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As Interest Rates Fall, Savers Get Raw Deals Again!

The Bank of England’s decision to cut interest rates to 1½ percent today is the lowest interest rate in the Banks’ 314-year history since its founding in 1694. Another reason for the Bank of England’s base rate decline is inflation concerns, the cost of imports as the pound is too weak in international markets; They are worried that savers will be harmed and they want to prevent this recession from turning into a complete depression. Banks have a balancing act of getting enough money in, keeping savers happy, and keeping mortgage borrowers paying off their mortgages.

The reason for this financial turmoil started with the credit crunch.

A credit crunch occurs when there is not enough credit or money. The Bank of England lowered interest rates to encourage bank lending and to make borrowing more affordable. This hasn’t helped the lack of money supply because there isn’t enough money to get started yet, and people looking to borrow money for a house or invest in a business still won’t be able to find the money to borrow. If there isn’t enough money, it doesn’t matter how low the interest rates are.

When will the Bank of England come to its senses and realize that if it lowers the base rate any further, it will punish those who save in all banks, building societies and mutual funds. It is believed that in the UK there are more savers than borrowers. If we are going to fight to get out of this recession then we will need to reward the Savers with fair interest rates. If we are planning to come out of this recession, we need to understand the importance of savings.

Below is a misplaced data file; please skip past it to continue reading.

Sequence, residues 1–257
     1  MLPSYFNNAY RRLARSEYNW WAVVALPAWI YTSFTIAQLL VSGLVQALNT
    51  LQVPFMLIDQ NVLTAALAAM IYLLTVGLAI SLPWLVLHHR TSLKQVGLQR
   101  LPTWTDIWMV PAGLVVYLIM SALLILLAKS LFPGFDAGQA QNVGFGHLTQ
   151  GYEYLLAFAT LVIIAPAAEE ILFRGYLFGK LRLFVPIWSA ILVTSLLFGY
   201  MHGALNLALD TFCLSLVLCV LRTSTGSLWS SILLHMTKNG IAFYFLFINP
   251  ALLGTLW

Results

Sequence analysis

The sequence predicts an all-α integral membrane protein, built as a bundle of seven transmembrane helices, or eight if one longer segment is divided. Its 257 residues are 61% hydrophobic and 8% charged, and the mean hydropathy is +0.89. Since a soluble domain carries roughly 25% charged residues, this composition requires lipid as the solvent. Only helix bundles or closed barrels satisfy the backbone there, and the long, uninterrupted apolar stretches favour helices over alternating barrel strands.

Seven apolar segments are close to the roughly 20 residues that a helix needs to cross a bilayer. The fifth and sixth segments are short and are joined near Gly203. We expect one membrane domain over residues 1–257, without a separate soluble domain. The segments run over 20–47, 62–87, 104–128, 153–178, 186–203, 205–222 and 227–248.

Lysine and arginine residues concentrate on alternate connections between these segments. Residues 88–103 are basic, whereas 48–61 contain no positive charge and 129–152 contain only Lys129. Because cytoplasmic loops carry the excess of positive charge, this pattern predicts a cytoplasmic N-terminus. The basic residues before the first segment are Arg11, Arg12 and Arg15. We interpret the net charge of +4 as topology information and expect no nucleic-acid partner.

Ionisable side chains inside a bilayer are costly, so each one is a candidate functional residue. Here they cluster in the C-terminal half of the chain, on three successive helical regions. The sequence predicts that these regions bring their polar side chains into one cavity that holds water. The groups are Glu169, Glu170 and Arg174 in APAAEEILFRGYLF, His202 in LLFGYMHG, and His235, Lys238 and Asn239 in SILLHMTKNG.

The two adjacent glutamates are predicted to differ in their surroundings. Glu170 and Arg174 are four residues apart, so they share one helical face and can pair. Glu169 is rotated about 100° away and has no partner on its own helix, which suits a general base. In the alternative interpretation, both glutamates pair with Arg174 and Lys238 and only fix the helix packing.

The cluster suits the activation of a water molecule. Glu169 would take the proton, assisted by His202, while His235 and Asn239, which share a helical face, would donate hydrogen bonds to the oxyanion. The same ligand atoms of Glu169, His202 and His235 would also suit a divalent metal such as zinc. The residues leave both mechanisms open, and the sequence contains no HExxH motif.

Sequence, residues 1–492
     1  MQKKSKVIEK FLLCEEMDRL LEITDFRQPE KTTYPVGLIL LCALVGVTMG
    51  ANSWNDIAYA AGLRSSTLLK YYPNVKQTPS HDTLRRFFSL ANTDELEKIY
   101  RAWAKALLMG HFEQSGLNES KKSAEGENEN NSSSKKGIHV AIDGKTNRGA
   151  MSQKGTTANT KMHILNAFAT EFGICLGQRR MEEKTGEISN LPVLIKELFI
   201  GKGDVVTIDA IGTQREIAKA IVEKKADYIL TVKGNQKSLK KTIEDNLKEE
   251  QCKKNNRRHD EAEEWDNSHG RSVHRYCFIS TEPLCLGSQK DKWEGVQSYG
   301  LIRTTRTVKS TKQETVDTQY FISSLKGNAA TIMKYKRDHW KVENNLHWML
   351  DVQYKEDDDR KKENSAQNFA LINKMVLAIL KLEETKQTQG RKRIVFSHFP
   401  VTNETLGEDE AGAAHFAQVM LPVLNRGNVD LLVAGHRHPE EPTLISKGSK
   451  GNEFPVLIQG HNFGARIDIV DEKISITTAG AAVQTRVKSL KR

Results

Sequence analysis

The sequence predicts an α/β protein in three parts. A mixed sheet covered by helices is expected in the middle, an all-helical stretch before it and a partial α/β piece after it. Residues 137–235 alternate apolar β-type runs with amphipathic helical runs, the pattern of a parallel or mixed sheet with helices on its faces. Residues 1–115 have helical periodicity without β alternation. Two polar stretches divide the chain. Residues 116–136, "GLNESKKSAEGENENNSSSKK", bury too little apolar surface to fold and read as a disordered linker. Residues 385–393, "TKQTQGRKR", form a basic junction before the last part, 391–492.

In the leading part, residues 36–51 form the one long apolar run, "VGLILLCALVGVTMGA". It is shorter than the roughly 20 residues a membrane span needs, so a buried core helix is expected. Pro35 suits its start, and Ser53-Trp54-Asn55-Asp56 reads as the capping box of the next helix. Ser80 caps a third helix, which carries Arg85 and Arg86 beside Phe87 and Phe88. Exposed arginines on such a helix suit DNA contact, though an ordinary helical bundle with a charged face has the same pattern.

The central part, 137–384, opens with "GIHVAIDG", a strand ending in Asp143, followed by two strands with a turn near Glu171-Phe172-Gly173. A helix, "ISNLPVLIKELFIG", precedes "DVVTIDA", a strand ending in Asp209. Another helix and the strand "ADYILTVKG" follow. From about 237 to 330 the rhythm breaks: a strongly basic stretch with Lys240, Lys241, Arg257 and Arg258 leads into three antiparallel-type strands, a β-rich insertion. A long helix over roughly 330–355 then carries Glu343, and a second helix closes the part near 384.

Who are the winners and losers of today’s rate cut?

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Unfortunately, there are more losers than winners. Retirees who rely on interest from their savings to boost their often inadequate pensions will see their savings come in even smaller today. Today, there are more than 80 savings accounts that pay less than ½ percent per year. It is estimated that 38% of current savings accounts pay 1% or less annually, and more than three-quarters of savers have given full rate discounts to savers, as the Bank of England announced.

If the interest rates charged by banks and building societies were reduced to 0%, you could find savers paying banks and building societies for the privilege of looking after their savings, this has happened in the past. Tips for saving You need to shop for the best interest rates and make sure you save up to £50,000 in each savings account to be protected by the government should the bank go bankrupt. Life is more difficult for savers who want to save rather than spend. Savers have invested about £1 trillion and borrowers are responsible for around £1.5 billion and there are now more savers than borrowers.

Not all Mortgage borrowers will benefit from today’s decline in the Bank of England’s base rate. In general, homeowners with mortgages on a mortgage have done very well with recent declines in the basic rate. But they are now finding that some mortgage lenders are not willing to accept floor rate cuts. The devil appears in the details of mortgage contracts because some lenders have a leash clause that means they won’t drop their mortgages below 2% no matter how much the interest rate drops. Nationwide said they would not cut further interest rates.

Mortgage borrowers on fixed rate mortgage agreements will not see any change in their monthly mortgage payments. Some mortgage providers have said they won’t offer any discounts to their standard variable rate borrowers at the base rate. Other lenders have said they will transfer some of the discount. Nationwide, HSBC and Lloyds TSB have said they will pass a portion of the standard variable rate (SVR) discount to their borrowers.

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